The plot is akin to some of the better thriller TV shows and movies of the past half century, it could easily stand amongst them if it wanted to. With hints of The X-Files and numerous Stephen King novels and stuffed full of cultural references, Alan Wake manages to make a great story full of twists and turns which will most probably leave you in a state of confusion. Any game that has an homage to The Shining and references to The Birds within the first hour or so is instantly in my good books. The characters you meet throughout the game are extremely quirky individuals who are all interesting to talk to. In that sense, it is very much like Twin Peaks so much so that the sheriff department receptionist sounds almost exactly like Lucy and Bright Falls has it's own Log Lady (Lamp Lady here). The story can be a little over-the-top at times but, by its conclusion, I found myself wanting more after the sequel-opening ambiguous ending.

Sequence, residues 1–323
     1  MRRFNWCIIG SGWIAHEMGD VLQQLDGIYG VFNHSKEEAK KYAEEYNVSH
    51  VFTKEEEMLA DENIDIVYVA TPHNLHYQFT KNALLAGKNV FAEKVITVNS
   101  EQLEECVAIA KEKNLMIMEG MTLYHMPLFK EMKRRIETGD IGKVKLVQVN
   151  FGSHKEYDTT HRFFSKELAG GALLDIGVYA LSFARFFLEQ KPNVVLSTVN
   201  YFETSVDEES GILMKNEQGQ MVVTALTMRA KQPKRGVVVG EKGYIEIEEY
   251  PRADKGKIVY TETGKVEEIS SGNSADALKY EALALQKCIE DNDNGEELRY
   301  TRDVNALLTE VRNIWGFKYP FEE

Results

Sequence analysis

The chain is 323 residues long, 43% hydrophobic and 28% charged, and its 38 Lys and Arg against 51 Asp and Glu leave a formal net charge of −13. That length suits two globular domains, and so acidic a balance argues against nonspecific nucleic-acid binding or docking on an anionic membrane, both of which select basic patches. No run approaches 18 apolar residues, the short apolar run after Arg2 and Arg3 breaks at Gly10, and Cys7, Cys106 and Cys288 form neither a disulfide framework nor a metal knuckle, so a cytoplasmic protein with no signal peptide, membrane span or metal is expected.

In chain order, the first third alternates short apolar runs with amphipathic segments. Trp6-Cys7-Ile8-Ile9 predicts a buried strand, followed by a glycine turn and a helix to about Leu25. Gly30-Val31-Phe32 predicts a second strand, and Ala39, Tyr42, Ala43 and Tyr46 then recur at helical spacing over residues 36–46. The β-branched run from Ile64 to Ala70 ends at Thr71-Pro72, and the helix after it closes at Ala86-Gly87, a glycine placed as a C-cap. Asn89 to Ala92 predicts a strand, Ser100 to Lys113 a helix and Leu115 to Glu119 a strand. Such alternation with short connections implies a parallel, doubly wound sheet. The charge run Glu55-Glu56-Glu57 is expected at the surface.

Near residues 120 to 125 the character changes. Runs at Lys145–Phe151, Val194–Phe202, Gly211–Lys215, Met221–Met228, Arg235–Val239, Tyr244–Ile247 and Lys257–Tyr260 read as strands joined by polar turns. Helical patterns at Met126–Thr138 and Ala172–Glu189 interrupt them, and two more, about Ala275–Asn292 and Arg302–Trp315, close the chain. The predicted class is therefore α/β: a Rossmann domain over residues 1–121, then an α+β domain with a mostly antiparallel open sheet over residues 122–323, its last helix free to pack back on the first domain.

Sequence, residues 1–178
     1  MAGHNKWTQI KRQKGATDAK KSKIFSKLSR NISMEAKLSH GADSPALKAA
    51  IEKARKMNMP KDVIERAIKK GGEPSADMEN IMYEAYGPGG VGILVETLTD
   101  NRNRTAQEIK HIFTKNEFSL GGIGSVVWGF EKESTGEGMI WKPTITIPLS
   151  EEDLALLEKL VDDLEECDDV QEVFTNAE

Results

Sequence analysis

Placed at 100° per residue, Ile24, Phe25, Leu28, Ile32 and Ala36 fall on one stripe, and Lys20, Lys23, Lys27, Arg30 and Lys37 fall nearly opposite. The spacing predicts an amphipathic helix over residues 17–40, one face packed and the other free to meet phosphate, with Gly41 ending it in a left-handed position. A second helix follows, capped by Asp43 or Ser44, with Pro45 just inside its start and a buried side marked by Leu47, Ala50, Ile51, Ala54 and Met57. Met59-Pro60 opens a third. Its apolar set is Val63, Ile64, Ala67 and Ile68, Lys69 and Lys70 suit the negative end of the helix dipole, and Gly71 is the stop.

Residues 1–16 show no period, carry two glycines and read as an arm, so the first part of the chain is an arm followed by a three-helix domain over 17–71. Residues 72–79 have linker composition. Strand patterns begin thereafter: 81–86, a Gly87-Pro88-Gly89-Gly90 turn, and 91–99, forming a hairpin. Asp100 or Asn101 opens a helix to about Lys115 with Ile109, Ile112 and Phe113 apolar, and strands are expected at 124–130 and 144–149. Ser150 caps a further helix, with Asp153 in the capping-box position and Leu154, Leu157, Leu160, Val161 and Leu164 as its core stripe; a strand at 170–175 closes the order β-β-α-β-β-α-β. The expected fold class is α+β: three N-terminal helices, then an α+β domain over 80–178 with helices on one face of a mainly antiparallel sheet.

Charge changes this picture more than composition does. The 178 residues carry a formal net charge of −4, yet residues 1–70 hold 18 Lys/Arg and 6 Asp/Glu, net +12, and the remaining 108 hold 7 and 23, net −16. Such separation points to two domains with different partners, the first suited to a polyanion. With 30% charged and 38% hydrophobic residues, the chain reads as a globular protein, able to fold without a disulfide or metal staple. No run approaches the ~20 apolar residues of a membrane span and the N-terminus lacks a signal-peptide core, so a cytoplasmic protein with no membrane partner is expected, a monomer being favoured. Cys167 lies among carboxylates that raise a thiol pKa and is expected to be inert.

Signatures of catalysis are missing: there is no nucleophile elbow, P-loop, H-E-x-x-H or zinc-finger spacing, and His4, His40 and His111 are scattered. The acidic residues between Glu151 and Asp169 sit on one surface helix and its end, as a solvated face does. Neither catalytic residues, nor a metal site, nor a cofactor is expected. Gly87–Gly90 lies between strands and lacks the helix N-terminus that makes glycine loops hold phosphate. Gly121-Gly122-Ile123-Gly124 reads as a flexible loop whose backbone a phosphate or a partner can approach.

Alan Wake is very combat heavy, as you traverse the forests of Bright Falls, all sorts of ghoulies attack you from the darkness. These ghoulies are "The Taken", ordinary village folk possessed by the Dark Presence, a part of Wake's latest story. The Taken are extremely interesting and unforgettable enemies due to their garbled cries of nonsense before they attack, usually something associated with the possessed form (A Taken dressed as a fisherman shouting about the correct way to catch fish for instance). To defeat The Taken, you must use light to your advantage. Destroy the darkness shielding The Taken and you can destroy their physical form using standard weapons such as hunting rifles or the classic revolver, as such, the game uses light in interesting ways.